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Anatomical Model

Covid-19 is not a respiratory illness, but one which attacks the lining of blood vessels throughout the body
(Janardhan et al., 2020 doi: 10.1111/jon.12770)

Covid-19 infection often affects areas throughout the body, including the brain, heart, liver, GI tract, endocrine system and skin
(Gupta et al., 2020 doi: 10.1038/s41591-020-0968-3)

Mild and asymptomatic initial Covid-19 infections are linked to damage to the brain, heart, kidneys and immune system
(See: Impacts by Body Part)

Covid-19 immunity is short-lived.

Reinfections are common

 

(Al-Aly et al., 2022 *preprint doi: 10.21203/rs.3.rs-1749502/v1; Ren et al., 2022 doi: 10.1186/s41256-022-00245-3)

Reinfection increases risk of death, hospitalization and Long Covid by more each time

(Al-Aly et al., 2022 *preprint doi: 10.21203/rs.3.rs-1749502/v1); businessinsider.com/who-official-individuals-coronavirus-infection-unlucky-long-covid-2022-6)

1 in 5 people develop a new health condition following Covid-19 infection
(Bull-Otterson et al. 2022 doi: 10.15585/mmwr.mm7121e1)

Damage to blood vessels by Covid-19 makes it more likely that blood clots will form, causing strokes, heart attacks and clots in the lungs (pulmonary embolism)
(Chang et al., 2021 doi: 10.3389/fphys.2020.605908)

Covid-19 is airborne -it moves through the air like cigarette smoke.
Most infection is through inhalation of the virus

(Zhang et al., 2020 doi: 10.1073/pnas.2009637117)

cigarette-dark-smoke_1284-35568_edited.j

Asymptomatic acute infections can lead to Long Covid. Initial infection severity does not correlate with long term symptoms.
(Huang et al., 2022; doi: 10.1177/10547738221125632)

Covid-19 can be caught in an empty room as the virus can linger in the air after an infected person leaves
(Lewis, 2021 doi: 10.1038/d41586-021-00810-9; Fiorillo et al., 2020 doi: 10.3390/ijerph17093132)

Lateral Flow Tests do not pick up all Covid-19 infections, especially at the start of symptoms.
Do not assume a negative LFT means you don't have Covid-19

(BMJ, 2021 doi: 10.1136/bmj.n238)

There is limited evidence that handwashing prevents Covid-19 spread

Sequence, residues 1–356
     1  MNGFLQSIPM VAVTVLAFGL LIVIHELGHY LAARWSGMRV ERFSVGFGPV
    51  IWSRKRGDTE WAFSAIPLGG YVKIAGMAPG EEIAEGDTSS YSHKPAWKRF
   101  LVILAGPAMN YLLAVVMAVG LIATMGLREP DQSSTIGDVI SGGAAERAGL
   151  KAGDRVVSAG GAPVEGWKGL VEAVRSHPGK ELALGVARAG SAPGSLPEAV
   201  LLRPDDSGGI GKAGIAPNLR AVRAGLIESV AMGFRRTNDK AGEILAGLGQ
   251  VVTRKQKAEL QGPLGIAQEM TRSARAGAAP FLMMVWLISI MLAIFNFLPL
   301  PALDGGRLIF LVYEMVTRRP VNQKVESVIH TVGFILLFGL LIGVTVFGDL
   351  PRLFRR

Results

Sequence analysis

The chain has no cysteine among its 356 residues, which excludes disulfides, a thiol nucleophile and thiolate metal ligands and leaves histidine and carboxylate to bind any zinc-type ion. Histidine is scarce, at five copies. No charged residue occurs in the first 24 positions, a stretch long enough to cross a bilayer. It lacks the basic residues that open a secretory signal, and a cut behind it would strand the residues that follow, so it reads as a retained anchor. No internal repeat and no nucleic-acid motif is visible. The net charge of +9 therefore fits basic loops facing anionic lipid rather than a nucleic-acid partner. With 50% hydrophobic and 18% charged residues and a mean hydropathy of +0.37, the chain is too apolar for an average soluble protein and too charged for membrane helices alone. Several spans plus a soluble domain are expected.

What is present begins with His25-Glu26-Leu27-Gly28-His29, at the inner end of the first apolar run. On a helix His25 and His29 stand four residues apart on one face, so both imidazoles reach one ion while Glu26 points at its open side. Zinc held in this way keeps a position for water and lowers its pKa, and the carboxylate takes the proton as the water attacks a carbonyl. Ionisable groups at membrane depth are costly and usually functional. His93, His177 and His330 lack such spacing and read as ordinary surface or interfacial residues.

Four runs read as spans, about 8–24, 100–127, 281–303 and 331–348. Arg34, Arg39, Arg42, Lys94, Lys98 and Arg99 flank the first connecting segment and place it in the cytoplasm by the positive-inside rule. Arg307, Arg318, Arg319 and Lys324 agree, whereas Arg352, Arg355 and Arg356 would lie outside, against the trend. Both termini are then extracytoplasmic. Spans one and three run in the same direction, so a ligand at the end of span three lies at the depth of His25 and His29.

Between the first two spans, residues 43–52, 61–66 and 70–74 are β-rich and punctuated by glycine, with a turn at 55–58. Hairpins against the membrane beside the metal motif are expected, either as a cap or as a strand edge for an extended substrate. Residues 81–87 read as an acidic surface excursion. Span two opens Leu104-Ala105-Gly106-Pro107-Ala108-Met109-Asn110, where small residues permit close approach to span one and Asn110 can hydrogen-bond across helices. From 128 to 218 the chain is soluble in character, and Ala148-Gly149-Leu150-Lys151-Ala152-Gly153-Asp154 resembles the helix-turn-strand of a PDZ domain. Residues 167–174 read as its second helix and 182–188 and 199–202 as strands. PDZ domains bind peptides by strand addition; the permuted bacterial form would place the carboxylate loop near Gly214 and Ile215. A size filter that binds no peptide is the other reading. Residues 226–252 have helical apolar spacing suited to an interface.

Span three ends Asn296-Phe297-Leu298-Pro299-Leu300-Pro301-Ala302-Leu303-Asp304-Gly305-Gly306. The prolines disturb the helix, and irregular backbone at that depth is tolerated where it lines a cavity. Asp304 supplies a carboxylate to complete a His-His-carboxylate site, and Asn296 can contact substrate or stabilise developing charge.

(Zhang et al., 2020 doi: 10.1073/pnas.2009637117; Greenhalgh et al., 2021 doi: 10.12688/wellcomeopenres.17270.1)

Covid-19 infections has many possible symptoms:

  • a high temperature or shivering (chills)

  • a new, continuous cough

  • a loss or change to your sense of smell or taste

  • shortness of breath

  • feeling tired or exhausted

  • an aching body

  • a headache

  • a sore throat

  • a blocked or runny nose

  • loss of appetite

  • diarrhoea

  • feeling sick or being sick

Having only one symptom, or very mild initial symptoms does not mean it isn't Covid-19

(NHS.uk)

Apparent recovery does not mean Covid-19 hasn't caused underlying issues such as lung damage, immune dysfunction and blood changes that increase clotting risk
(See: Impacts by Body Part)

Vaccines do not prevent Covid-19 infection. They reduce initial severity but only slightly reduce risk of Long Covid
(See: Long Covid and Vaccines)
 

Covid-19 Hasn't Gone Away
In fact there's more of it than ever...

1 in 23 people
infected

1 in 34 people
infected

1 in 68 people
infected

Case number estimates for the UK from the ZOE Covid Study (health-study.zoe.com/data)

ZOE data oct 23.png

More people were hospitalised with Covid-19 in 2022 than in 2020 or 2021

(coronavirus.data.gov.uk/details/healthcare)

In 2023 it is unknown how many have been hospitalised with Covid-19 as testing in hospitals has been significantly reduced. Even symptomatic patients are no longer routinely tested.

(gov.uk/government/news/covid-19-testing-approach-from-april-2023)

What we do know: hospital-acquired Covid-19 cases have increased significantly since hospitals removed Covid-19 protections.
England does not provide this data but in Wales 40-60% of those in hospital with Covid-19 were infected at the hospital.


(public.tableau.com/app/profile/public.health.wales.health.protection/viz/COVID-19-Hospitaladmissionsdashboard/COVID-19hospitaladmissionsdashboard?publish=yes)

Why are official case numbers so low?

1. Testing is no longer encouraged

2. Free tests are not available to the majority of the population

3. There is no way to report positive results from privately-purchased tests


(gov.uk/coronavirus)

FG9KfpQWYAELlhF.jpg
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